Our last activity was one that I learned in my devising class at Kingston. We all told a story individually using action. We all decided on the story topic, which was the best meal we had ever had. We then split away and crafted our stories. We presented our stories to each other. We then took our individual stories and put them together to make a scene. We had a few different ideas of what we could do with this scene. We only had time to use one of these ideas, which I think presented a pretty interesting scene. In the future, I would like to do this activity and try out all of the ideas that we come up with to create many different scenes from which we can pull out favorite material.

I am very happy with how today’s rehearsal went and I am looking forward to the next time we meet!

Info Meeting

I held an info meeting before we had our first rehearsal last week. We just chatted about the show and where I had gotten the inspiration for the theme. We talked about any questions that the cast had and I handed out a little packet for them to read to get them acclimated to devising because I don’t know how much experience everyone has. I also talked about the timeline I have for our process.

I can’t tell you how excited I am!

The process of this project is finally underway! I have had auditions and created my cast. Auditions were so much fun. I had a great turnout and there were so many people that I was excited to work with.

I had people audition in groups of six so that I could see how they would work with other people and how they could contribute to a group. When the groups first came in, I had them do an exercise in Viewpoints. This was created by Anne Bogart. I find it is a good way to see how people move, how creative they can be, and how willing they are to make bold decisions and take risks. In the exercise, there is an imaginary square which is divided into nine smaller squares by imaginary grid lines on the floor–my stage manager told everyone to think of it as a giant tick-tack-toe board inside a square. I asked the people auditioning to start moving on this grid and not to stray from the lines or talk. While they were moving, I told them to focus on their spacial relationships, architecture, shape, gesture, repetition, duration, kinesthetic response, and tempo. I talked about each of these things individually. Spacial relationship refers to how close or far away they are from other people or objects in the room, where they are on the grid, and where they are in the room. Architecture refers to how their shape affects or is affected by other people or objects in the room and what shapes they can make with those resources. Shape refers to what shapes they can make with just their bodies. Gesture refers to and movements they do within whatever shape, architecture or movement they are doing. Repetition refers to what things they repeat, or if they want to repeat thing, or if they want to repeat what others are doing. Duration refers to how long their movement takes, how long it takes to get into a certain shape, or how long they want to repeat something; also, how long they stay in one place on the grid. Kinesthetic response refers to the emotional response that they have because of their movements or because of other people’s movements and what that makes them do. Finally, tempo refers to how long they stay with a person, how long they repeat something, or stay in a shape, or walk the same way; also, how long it takes them to get from one place on the grid to another. After we did this initial work with viewpoints, I had them answer a question with the viewpoints. Because our theme is love in different cultures, I either had them answer a question about giving or receiving love, or about culture.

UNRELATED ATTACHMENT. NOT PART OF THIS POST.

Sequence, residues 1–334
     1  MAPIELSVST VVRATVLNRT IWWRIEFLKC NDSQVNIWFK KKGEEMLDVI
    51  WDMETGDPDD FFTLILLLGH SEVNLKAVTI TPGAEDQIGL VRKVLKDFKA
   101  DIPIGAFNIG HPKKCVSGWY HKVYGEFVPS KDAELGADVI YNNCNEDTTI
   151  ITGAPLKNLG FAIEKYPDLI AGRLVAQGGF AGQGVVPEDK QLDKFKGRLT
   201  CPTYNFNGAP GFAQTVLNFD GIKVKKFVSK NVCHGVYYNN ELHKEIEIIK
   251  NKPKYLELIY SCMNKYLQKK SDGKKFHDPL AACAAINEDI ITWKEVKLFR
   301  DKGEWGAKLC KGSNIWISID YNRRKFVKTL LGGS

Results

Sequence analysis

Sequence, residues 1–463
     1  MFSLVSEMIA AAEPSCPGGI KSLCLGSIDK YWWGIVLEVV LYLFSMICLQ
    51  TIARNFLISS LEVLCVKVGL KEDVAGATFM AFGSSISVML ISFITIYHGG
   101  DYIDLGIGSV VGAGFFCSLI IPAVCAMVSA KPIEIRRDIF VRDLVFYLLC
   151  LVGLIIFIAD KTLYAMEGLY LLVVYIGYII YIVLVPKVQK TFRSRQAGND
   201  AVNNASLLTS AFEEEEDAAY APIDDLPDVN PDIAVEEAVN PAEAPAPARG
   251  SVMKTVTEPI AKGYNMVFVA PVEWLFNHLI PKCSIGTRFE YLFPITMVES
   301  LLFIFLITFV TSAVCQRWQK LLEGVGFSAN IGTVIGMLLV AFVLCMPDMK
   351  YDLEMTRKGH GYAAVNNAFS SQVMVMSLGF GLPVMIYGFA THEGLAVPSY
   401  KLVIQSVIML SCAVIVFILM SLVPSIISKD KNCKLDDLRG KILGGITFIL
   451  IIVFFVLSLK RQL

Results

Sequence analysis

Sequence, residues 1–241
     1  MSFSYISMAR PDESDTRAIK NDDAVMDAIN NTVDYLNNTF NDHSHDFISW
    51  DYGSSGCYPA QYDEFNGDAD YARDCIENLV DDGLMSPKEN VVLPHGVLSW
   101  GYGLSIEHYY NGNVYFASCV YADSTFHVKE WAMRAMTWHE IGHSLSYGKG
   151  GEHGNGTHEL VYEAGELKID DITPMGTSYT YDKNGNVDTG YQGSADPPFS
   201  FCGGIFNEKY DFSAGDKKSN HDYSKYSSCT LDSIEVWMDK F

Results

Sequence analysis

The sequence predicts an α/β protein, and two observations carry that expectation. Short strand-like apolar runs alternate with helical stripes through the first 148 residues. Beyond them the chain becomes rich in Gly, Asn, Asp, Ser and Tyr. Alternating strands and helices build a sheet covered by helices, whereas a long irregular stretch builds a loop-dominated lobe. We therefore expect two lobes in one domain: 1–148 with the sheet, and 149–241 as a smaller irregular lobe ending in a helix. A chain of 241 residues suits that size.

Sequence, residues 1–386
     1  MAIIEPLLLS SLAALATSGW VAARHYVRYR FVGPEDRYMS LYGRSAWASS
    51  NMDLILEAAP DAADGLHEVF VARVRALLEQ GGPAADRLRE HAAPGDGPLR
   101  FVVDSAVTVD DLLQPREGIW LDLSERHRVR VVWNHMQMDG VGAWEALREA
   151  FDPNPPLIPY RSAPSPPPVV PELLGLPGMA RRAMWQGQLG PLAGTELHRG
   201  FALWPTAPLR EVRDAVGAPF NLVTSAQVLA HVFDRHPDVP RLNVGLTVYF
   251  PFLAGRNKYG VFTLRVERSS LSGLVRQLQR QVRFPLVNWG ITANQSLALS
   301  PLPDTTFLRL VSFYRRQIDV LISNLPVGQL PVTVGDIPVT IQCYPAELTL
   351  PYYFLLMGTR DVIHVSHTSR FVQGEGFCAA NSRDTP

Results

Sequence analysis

After viewpoints, I did an improv activity with the groups. I did two different ones, it just depended on what group they were in! One of the improvs was an activity that we did in my Commedia dell’arte class at Kingston University in London. In this activity, everyone had to choose an animal that they knew really well (there were a lot of cats!). They had to embody this animal and find all of the little idiosyncrasies that are specific to the animal. They were then told to interact with the other animals in the room, thinking about where their animal is on the food chain and how it would fare in this environment. They also had to find a sound for their animal. Next, they were told to slowly humanize this animal, still keeping a few idiosyncrasies that make us recognize the animal. Once the human-animal characters were complete, I split the groups of 6 in half and gave them a premise for an improv skit. One person would be interviewing for a job, one would be the boss conducting the interview, and one would be the receptionist who greets the person interviewing. These were incredibly entertaining. In the other improv, the entire group stood in a circle and told a story together one word at a time (one person said one word and then it moved around the circle). After they created their story, they had to act it out.

In the last few groups, I added one more improv activity. I wanted to see how much people were willing to offer of themselves in a group situation. I told everyone to split up and work on a story to tell us individually. This story was to be about a moment that they think of when they think of the word love, and they had to tell it physically. This activity was very helpful in deciding whether or not to cast many new people that I had never seen before.

At the end of the night, I was very pleased with how auditions went. Though I still struggled with choosing my cast, I am very pleased. The difficulty came in wanting to work with so many of the people that had auditioned.